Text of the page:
November 28, 2021, a month ago

By Nick Balazs

feature heavy metal the sonic overlords


Sometimes all you need is a little luck, but a good song helps too. Formed in 2017 as The Sonic Temple (as a reference to The Cult album), the Stockholm acted changed their name to The Sonic Overlords while serving a blend of doomy heavy metal which a press release describes as “late '70s/early '80s heavy rock with influences from the likes of Dio/Martin-era Black Sabbath, Rainbow, early Candlemass, Yngwie J. Malmsteen/Rising Force, Scorpions and MSG.” Their full-length debut Last Days Of Babylon proudly displays those influences and is  available now via M-Theory Audio.

It also helps to have an endorsement from former Black Sabbath vocalist Tony Martin, who also provides guest vocals on “Past The End Of Time”. It’s a surreal feeling for singer Marcus Zachrisson Rubin, who actually became friends with him. 

“Oh, I mean, Tony Martin is one my favorites. I was singing to his records when I was young standing in my parent’s apartment and the neighbors would complain,” Rubin laughs. “When you become a friend with a known idol, it’s like ‘Wow man, I’m sitting and drinking a beer or drinking coffee with Tony Martin.’ He’s a really nice guy and eventually you forget about him being famous and enjoy him as your friend.”

Debut single “In My Darkest Room” received attention and netted the band a deal with M-Theory Audio. The songs shows the different influences of The Sonic Overlords as a gloomy, doomy rocker with a powerful chorus.

“We did the video with that song and we found a really cool location and Per Andersson who did the directing is awesome. I’ve been working with him for many years and it became a really good video,” says Rubin. In regards to securing a record deal, Rubin credits the video explaining, “You can hear lots of good music, but if you don’t have the video, I think it’s harder to get into it, at least in the beginning.”

One of the highlights of Last Days Of Babylon is the soulful “World On Fire” that erupts into an electric pulse reminiscent of Ronnie James Dio.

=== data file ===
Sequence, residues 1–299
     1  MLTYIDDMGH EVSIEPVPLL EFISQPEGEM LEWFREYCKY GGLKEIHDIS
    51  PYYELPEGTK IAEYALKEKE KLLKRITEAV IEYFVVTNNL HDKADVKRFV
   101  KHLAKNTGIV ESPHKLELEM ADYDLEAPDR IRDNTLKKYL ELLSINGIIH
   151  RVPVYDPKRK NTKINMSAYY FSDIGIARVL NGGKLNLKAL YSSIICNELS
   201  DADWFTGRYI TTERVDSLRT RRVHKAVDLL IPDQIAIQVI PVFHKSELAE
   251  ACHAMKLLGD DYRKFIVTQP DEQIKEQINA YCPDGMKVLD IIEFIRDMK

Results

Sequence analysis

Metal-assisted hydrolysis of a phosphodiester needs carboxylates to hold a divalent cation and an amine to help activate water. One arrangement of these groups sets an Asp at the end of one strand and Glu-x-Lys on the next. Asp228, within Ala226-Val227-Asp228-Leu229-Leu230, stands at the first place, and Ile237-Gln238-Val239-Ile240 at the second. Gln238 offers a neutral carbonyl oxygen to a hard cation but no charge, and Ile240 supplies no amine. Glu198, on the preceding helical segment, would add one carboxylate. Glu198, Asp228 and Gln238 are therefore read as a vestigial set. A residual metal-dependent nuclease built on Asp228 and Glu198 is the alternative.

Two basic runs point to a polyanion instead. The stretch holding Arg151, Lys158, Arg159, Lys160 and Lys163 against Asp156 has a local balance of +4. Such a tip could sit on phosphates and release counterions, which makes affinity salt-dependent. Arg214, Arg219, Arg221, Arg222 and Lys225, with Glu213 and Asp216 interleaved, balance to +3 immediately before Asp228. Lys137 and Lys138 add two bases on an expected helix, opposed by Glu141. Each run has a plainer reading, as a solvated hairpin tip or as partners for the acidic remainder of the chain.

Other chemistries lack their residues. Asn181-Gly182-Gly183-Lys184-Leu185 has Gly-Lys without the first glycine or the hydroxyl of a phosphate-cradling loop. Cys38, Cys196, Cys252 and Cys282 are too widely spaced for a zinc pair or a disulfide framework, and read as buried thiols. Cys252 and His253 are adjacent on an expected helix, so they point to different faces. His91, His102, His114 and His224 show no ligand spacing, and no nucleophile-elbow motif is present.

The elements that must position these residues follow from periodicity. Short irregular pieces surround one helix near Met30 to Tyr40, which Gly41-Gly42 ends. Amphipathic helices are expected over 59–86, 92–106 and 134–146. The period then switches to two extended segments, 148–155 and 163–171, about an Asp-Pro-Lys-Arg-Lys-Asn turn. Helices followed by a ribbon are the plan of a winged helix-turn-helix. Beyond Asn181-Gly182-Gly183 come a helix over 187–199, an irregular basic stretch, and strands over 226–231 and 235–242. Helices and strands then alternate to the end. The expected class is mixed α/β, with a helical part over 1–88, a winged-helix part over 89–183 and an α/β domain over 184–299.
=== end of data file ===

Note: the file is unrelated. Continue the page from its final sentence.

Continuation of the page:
Rubin discusses the track and songwriting process, “With all the songs I wrote, I got the music first and then I figure out some melodies in my head and then I write the lyrics after that. Sometimes I do the lyrics first and then come up with a melody for the song. With this one, it’s a little bit political and we’ll leave it at that.”

The album has a whole has a theme of fighting an inner turmoil or a brooding darkness of sorts.

The singer agrees, “Yeah, absolutely. The first six songs I didn’t write, but what I like with the text is you can see it as a demon that you fight against, but you can also see it as emotions that you have inside. I think that’s a good thing about it too; it’s not black and white, it’s a little bit of both.”

In Rubin’s professional career, he first wanted to be a drummer, citing Mötley Crüe’s Tommy Lee as an idol, but then when playing in teen bands, he discovered that singing was a better course of action.

“It was the drums that I was into first, but it was not my scene actually,” he remembers. “So I became a singer then. In 2003, I started a company called Rock Hiroki and we play all this heavy stuff in bars in Stockholm and everywhere in Sweden. I would do singer songwriter type stuff and these soft, sweetie songs that people like to hear.” 

Guitarist Morgan Zocek brought Rubin in for The Sonic Overlords and Last Days Of Babylon represents his first time on a record. It’s a great feeling for Rubin to have an album out there.

“I’ve been playing for lots of crowds and all sorts of people and I like the live show of course, but it’s a special thing when you get the LP and you can smell it and be like, ‘Oh shit, it’s for real’,” he laughs. 

When it comes to picking out favorites from Last Days Of Babylon, Rubin finds his opinion changing on what sticks out to him.

“‘Lords Of Tomorrow’ is one of my favorites right now. ‘World On Fire’ is an amazing song and is a little bit outside of the other songs.”

The “Sands Of Time” fits snugly in that Black Sabbath Heaven & Hell mode and the vocal part was tough for Rubin to nail down.

“I got the songs on my table and I started working with them and was like ‘Oh shit, how am I going to do this?” he explains. “I almost told [Morgan] that I could not do it, but I think Morgan convinced me to try it out.”

Rubin was listening to other versions of the song with a different vocalist, but he eventually nailed it and it has become one of his favorite songs. On the live front, The Sonic Overlords would love to get out there and play some shows.

“It’s the number one thing for us,” says Rubin. “I really, really want to go on tours to promote the album, but the Corona stuff has made it difficult, but we’re looking for a booking agent and promoters in different areas in the world. That’s our vision right now!”

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